Louis Althusser


Is religion a primary historical cause, or is it a way of deflecting and concealing other, more important matters such as economics and class, or it is an obfuscation of what is really going on, whether imperial control or class interest? The answer should not get caught up on the dilemma of idealism and materialism, but rather begin with the problem of relatedness. Rather than separating the different areas of religion, politics or even class too sharply, we might adopt an Althusserian approach in which each domain is semi-autonomous: economics, social relations (class), politics, culture, education, philosophy, and religion are all semi-autonomous realms. Add to this the fact that the ideological members of the group, in which religion is to be included, are inseparably connected with material institutional structures; this means that ideology takes a very concrete form.

I am quite enamoured with such an Althusserian position, but I would like to take it further, stressing, if you like, the ‘semi’ over against the ‘autonomous’. We are far too accustomed to beginning with the autonomous side of the equation and then need to work overtime to establish the connections between them. But what if we began with the assumed connections and overlaps, or the ‘semi’ side of ‘semi-autonomous’? One benefit would be to recast a common narrative for dealing with pre-modern and modern societies. The narrative goes as follows: before the differentiation of capitalism, in which each area is distinguished as an autonomous zone, people did not operate with clearly demarcated realms of economics, politics, religion and what have you. Religion was political and social and economic at the same time. However, with the advent of capitalism (sometimes read as the ‘modern’ period), all of these realms became differentiated from one another. However, if we begin with the assumption that such domains are not discrete but entwined with one other, indeed that they form a collective whole even within capitalism, then the issue is not how they relate to one another but how they may be distinguished.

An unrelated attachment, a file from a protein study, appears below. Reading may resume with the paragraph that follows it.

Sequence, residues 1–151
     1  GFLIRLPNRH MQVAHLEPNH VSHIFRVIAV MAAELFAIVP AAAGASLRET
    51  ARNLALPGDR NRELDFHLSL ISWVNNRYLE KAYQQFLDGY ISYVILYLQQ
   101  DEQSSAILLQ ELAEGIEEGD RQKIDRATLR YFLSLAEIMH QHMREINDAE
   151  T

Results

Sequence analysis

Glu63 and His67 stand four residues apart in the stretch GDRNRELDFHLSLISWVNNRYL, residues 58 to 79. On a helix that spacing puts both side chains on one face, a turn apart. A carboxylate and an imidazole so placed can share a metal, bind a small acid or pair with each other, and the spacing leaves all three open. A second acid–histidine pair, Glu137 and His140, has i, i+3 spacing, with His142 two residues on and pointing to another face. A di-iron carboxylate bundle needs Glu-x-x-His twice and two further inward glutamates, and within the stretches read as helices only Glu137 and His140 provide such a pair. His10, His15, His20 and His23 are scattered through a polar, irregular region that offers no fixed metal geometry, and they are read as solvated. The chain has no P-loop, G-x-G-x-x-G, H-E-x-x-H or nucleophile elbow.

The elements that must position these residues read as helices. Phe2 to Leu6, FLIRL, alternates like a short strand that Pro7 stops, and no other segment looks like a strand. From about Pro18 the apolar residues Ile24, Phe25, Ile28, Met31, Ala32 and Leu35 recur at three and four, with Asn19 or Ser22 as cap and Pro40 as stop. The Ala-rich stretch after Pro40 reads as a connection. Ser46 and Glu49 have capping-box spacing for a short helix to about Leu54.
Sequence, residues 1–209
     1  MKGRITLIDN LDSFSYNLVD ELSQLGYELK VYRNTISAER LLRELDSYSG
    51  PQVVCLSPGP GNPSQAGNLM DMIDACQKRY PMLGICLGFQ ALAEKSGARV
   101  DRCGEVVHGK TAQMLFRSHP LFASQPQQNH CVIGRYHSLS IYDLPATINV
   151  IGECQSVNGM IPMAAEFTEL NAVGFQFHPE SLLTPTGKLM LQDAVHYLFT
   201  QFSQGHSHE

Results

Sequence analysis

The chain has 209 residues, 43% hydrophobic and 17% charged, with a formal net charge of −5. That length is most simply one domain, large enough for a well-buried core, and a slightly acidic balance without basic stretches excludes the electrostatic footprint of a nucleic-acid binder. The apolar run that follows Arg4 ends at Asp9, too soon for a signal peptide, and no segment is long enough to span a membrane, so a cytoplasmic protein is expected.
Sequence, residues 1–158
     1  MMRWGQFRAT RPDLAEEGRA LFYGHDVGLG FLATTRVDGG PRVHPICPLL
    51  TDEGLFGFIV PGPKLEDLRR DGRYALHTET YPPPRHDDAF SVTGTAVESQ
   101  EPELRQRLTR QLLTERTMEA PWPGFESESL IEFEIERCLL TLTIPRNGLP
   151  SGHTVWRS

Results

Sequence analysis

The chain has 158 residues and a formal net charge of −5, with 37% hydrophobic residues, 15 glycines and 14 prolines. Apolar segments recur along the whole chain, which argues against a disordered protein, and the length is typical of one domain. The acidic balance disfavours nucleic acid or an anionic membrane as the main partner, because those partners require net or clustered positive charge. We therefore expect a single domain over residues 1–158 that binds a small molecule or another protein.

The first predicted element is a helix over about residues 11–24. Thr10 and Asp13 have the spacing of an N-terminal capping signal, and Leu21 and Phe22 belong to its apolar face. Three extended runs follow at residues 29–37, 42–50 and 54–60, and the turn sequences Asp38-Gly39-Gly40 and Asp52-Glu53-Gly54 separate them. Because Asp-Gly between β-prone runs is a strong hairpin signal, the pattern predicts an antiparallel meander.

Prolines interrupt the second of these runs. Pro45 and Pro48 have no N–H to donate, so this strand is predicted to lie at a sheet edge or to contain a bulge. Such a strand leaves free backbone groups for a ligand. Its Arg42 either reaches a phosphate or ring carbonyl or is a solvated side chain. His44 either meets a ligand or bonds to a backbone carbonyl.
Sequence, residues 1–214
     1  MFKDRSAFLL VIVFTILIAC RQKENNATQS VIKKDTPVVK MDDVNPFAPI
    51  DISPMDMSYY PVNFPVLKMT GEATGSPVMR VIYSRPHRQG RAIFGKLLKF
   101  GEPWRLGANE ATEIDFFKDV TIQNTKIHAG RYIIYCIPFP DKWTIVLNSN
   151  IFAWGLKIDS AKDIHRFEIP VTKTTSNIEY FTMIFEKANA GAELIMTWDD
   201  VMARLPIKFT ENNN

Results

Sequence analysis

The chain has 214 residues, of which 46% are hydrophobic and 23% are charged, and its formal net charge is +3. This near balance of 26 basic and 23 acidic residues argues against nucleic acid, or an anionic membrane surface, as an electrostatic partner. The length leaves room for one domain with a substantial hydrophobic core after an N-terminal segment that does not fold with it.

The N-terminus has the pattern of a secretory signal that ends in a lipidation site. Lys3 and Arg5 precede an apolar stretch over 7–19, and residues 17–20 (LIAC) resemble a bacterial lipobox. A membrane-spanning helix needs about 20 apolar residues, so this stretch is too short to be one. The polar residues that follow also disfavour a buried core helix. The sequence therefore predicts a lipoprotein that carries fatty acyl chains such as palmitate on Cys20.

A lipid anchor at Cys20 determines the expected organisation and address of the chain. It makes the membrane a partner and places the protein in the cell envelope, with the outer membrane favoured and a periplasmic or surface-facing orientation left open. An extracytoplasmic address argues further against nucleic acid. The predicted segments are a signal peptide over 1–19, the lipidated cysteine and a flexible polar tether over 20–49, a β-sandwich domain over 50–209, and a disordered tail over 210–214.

Picture the scene: a polite philosophy seminar with a paper given by a young, dishevelled and chain-smoking scholar, who declares not only that philosophy is class struggle in theory, but quotes Lenin’s description of academic philosophers as ‘flunkeys and dunces’ . Outrage, shuffling, a few leave, how dare he!